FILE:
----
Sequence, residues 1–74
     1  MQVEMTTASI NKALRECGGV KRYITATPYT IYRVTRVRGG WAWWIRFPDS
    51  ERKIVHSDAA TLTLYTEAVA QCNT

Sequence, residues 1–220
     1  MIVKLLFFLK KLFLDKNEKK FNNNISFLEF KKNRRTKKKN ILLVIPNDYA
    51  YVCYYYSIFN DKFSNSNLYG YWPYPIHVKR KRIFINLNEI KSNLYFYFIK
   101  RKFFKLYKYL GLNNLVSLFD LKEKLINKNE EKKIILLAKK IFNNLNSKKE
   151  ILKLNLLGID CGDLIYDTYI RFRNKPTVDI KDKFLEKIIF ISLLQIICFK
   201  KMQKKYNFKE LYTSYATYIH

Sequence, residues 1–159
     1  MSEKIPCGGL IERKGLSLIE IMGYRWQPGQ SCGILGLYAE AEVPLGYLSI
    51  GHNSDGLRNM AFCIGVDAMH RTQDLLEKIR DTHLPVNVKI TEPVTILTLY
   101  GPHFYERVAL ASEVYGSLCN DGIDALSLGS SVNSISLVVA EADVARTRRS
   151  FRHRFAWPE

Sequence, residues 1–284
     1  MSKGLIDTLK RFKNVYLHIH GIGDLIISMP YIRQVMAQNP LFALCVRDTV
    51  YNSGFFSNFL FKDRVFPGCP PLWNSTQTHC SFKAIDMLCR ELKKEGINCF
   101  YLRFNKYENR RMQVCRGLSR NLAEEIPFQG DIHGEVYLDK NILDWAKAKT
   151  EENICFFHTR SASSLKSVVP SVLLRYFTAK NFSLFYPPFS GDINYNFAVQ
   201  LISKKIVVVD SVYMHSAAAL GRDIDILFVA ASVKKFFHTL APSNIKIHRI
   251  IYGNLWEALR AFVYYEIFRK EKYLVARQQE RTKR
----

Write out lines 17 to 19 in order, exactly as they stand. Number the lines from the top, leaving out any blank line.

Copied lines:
    51  YNSGFFSNFL FKDRVFPGCP PLWNSTQTHC SFKAIDMLCR ELKKEGINCF
   101  YLRFNKYENR RMQVCRGLSR NLAEEIPFQG DIHGEVYLDK NILDWAKAKT
   151  EENICFFHTR SASSLKSVVP SVLLRYFTAK NFSLFYPPFS GDINYNFAVQ